There are currently 5 billion mobile devices in the world, which means big business for app developers. It has been predicted that the app development industry will be worth $20 billion by 2020, but there’s little chance of reaching this stage without the help of big data. While some apps easily generate $1 million per day, the vast majority struggle to monetize their apps to this extent. According to some estimations, less than 50% of developers are making more than $500 per month for their creations. In order to reach these higher earning thresholds, big data is needed to tap into the user experience and identify areas for growth.
App Analytics and User Behavior
Data starts with analytics, but many analytics companies have been slow on the uptake when it comes to providing insight for apps. Even Google, who most people think of first when it comes to Analytics, only released their app analytics platform in 2012. Apple was also slow to bring their analytics platform to iTunes Connect. Alongside the most well-known app analytics platforms, other free and paid services have launched in recent years to help bridge the gap between app developers and insight into their users. Services like Mixpanel make segmentation easy for even the non-technical, while Amplitude offers funnel visualisation to help app developers understand user behavior.
There’s no shortage of analytics companies offering an insight into how users interact with an app, but the challenge after this is to turn this into something actionable. And this is where big data comes into play. Big data used to be the reserve of big companies with big budgets, but the likes to Amazon Web Services are opening up opportunities for smaller companies to make use of big data. Amazon Web Services recently announced they would now allow users to pay by the minute, meaning that mobile app developers will soon be able to scale their apps without paying for expensive server setups and unused capacity. For apps like translation apps, the servers might only need to exist for the length of time needed to process the request and then disappear, meaning the app developer isn’t left footing the bill for a server that isn’t in constant use.
Big Data and Growth Opportunities for App Developers
By combining big data with machine learning, it is hoped that app developers will soon be able to delve into the information gathered from their apps and identify opportunities for growth. Pyze is one such service that allows app developers to segment their customer data and look for opportunities for growth. Services like this bridge the gap between big data and usable data, as we all know that big data is only as valuable if you are able to draw insight out of it.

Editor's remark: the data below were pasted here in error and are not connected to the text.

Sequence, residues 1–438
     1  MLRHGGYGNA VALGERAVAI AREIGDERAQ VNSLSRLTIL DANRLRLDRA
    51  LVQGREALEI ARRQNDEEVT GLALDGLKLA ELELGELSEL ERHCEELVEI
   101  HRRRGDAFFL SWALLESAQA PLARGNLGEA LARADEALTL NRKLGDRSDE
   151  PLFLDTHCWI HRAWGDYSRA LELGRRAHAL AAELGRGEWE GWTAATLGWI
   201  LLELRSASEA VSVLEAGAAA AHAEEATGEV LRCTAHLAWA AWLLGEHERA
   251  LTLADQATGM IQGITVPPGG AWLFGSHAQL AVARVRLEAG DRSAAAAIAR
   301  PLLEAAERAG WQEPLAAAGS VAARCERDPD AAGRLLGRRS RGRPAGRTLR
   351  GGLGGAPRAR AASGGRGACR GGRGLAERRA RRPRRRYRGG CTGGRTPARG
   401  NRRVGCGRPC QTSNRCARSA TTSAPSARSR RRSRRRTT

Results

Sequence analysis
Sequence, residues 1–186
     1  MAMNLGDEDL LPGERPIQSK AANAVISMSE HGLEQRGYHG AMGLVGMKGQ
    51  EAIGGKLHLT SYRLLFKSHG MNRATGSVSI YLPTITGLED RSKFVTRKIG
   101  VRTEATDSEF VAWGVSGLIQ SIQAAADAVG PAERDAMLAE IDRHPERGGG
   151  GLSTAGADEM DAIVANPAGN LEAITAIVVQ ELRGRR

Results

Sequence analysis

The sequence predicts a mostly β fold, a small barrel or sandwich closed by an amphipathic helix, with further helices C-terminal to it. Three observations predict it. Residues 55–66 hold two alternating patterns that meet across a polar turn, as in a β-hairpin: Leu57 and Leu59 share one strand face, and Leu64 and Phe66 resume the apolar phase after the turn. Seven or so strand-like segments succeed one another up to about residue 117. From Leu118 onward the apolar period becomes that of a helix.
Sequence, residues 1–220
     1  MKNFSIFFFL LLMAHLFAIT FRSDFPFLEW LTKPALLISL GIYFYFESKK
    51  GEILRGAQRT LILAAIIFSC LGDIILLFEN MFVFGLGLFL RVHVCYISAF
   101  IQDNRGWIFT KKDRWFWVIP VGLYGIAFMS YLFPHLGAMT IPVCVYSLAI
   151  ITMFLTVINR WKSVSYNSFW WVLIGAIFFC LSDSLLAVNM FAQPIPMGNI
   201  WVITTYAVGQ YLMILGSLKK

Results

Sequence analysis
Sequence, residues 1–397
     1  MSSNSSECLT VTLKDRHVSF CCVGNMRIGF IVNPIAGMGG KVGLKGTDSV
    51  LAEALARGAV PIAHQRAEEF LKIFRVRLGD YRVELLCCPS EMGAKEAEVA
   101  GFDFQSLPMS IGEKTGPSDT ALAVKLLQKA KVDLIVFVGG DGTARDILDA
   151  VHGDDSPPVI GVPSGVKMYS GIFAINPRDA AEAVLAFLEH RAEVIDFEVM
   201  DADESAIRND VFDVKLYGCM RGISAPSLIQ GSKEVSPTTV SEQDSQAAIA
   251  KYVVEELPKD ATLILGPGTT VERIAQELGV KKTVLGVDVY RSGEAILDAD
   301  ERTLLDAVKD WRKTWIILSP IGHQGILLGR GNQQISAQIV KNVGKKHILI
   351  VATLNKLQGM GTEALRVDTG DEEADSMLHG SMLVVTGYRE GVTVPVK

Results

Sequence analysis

Dickey Singh, co-founder of Pyze said: “From here, an app can begin to develop personalized messages for given users based upon how they use the app. Nonprofit and for-profit uses of the app can be identified; this enables app developers to more clearly see who is using their apps in a premium, pay-for mode, and where they should be investing their efforts to further monetize their products.”
Making this level of insight available to mobile app developers of all size and scale is sure to level the playing field and move app developers closer to achieving a portion of the $20 billion revenue by 2020. Automation is sure to be the next step in making apps more profitable. AI might be a term that is thrown around with abandon, but some app development companies are already showing that they are willing to lead the way with this revolution.
Apadmi, an app development company based in Manchester and London have commented on how AI, bots, machine learning and big data will soon be used to improve the customer service experience. In a blog post, Apadmi chairman Garry Partington writes: “Rather than speculate about AI, we need to start thinking about its concrete uses – specifically, the use of bots, machine automation for personalisation and natural language processes spring to mind. These are all simple implementations of tech which would allow us to create improved, reactive experiences for customers.”
The future may be here, but it seems that we haven’t yet figured out the tools to make the most of it. I for one am looking forward to seeing how the small app development companies step up and make the next industry disrupting app with the help of big data.